From King Dictionary of Contemporary Englishmemorizemem‧o‧rize (also memorise British English) /ˈmeməraɪz/ ●●○ verb [transitive] LEARNto learn words, music etc so that you know them perfectlysee thesaurus at remember→ See Verb table
Examples from the Corpus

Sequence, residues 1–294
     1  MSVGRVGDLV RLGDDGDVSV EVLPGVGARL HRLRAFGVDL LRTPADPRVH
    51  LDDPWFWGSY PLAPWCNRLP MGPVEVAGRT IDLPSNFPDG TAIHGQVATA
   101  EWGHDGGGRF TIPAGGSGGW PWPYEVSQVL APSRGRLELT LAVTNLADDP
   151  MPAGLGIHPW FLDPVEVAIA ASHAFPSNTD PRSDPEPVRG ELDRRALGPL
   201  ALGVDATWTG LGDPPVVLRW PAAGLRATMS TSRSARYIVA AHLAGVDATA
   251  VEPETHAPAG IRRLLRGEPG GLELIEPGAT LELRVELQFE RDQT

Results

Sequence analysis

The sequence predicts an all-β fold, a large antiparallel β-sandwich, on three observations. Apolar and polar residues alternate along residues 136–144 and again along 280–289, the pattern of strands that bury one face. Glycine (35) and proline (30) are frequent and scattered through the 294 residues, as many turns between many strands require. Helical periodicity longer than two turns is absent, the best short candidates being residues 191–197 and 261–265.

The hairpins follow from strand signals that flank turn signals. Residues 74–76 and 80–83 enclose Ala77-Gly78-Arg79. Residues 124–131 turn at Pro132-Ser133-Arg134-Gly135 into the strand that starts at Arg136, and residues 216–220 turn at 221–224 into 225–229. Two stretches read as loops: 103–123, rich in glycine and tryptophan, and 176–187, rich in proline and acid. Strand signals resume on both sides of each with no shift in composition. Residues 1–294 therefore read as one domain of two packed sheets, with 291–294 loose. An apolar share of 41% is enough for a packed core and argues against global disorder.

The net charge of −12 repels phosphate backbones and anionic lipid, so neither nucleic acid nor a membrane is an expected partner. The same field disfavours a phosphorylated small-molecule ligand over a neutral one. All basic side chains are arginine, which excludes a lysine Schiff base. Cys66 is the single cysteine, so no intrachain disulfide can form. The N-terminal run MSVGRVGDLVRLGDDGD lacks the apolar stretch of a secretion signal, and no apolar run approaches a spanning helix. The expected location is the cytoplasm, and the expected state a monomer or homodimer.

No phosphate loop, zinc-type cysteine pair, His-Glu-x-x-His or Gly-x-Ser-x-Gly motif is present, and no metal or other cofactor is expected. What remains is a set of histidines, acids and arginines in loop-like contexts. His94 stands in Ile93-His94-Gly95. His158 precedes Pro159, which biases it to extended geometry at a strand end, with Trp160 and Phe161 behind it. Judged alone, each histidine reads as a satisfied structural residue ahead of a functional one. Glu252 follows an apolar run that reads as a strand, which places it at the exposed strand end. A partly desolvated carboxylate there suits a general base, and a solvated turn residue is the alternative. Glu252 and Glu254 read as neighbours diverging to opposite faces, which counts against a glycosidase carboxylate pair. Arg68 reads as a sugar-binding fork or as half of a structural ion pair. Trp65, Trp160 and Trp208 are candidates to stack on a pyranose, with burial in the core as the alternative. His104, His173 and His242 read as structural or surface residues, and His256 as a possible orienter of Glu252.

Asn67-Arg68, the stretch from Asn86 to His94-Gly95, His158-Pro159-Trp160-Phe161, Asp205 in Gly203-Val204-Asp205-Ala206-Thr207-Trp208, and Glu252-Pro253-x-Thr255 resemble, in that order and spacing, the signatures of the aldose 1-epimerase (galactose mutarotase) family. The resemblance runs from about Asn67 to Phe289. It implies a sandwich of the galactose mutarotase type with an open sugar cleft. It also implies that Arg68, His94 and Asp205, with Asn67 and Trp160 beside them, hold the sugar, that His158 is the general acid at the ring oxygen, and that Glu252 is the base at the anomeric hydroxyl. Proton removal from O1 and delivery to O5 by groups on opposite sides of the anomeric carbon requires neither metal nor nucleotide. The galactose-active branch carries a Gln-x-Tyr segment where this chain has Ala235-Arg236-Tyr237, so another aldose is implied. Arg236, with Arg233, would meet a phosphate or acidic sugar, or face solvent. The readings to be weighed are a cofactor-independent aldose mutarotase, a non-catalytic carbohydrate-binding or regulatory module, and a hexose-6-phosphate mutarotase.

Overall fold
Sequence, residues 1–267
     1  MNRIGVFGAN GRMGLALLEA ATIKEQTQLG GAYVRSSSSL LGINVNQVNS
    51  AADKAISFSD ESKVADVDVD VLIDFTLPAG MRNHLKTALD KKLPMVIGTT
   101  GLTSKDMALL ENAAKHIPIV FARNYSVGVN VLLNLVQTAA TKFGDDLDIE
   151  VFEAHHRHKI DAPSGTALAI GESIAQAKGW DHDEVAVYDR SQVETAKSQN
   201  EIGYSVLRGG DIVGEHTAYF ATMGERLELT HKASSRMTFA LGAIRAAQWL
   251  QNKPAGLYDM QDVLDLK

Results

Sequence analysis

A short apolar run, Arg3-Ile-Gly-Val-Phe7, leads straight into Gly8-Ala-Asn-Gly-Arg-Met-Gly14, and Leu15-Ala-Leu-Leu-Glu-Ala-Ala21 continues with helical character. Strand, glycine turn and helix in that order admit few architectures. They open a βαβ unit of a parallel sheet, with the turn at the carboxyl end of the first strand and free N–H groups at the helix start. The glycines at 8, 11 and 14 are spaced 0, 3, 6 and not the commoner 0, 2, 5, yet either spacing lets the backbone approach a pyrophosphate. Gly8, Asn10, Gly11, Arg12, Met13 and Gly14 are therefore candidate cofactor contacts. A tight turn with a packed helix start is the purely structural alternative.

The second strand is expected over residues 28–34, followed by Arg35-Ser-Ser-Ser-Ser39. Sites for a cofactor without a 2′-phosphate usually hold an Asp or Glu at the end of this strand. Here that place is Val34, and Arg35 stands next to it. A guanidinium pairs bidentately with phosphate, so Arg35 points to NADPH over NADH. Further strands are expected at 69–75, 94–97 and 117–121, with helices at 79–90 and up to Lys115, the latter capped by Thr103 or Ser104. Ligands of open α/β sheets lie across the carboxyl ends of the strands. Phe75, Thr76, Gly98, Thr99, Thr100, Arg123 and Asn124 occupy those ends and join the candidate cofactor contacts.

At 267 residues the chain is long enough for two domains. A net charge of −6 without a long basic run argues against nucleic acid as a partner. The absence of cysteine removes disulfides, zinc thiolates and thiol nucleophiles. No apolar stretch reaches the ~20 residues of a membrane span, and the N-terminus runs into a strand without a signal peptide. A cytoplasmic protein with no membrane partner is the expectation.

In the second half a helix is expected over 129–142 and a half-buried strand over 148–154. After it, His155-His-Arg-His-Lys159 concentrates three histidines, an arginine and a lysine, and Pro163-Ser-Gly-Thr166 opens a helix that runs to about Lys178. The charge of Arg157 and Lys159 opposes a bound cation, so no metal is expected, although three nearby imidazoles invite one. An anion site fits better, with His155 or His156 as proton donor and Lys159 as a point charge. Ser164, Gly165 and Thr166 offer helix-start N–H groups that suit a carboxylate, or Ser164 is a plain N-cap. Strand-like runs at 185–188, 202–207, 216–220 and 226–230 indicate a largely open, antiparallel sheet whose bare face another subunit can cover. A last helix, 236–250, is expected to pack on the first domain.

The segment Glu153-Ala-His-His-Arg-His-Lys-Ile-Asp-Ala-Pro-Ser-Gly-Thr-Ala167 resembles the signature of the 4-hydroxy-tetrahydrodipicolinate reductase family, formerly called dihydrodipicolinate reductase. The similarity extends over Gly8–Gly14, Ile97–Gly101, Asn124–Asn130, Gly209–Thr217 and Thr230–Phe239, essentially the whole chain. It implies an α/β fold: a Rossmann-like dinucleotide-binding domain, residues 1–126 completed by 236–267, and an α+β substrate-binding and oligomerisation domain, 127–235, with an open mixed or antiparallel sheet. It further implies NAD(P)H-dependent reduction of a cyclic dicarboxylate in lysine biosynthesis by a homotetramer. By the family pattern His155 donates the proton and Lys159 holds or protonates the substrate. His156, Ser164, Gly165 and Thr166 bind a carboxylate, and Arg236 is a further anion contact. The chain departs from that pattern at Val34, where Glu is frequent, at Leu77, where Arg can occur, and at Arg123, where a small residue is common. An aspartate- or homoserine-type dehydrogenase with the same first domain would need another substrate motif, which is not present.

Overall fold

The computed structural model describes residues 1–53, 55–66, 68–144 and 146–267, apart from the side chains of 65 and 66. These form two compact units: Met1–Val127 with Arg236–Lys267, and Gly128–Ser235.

memorizeMungo set off, taking care to avoid the loose floorboards which he had already tried to memorize.I recited the poem she had asked me to memorize.First you read and memorize a list of ten.There's no way I can memorize all these formulas before the test.Don't write down your PIN number, memorize it.Don't write your password down, memorize it.Wesley would pray for hours and memorize large sections of the Bible.He was only four when he memorized Martin Luther King's 'I have a dream' speech.They listen to stories, memorize nursery rhymes, look at picture books and gain other experiences that prepare them to read.But Grody is quick to address the concerns of those who think swing dancing is about memorizing routines.I find myself attempting to memorize the Masai words as she did.Glance at the sentences and memorize the next few phrases and look at the audience while you are speaking.I study the flowers, try to memorize them.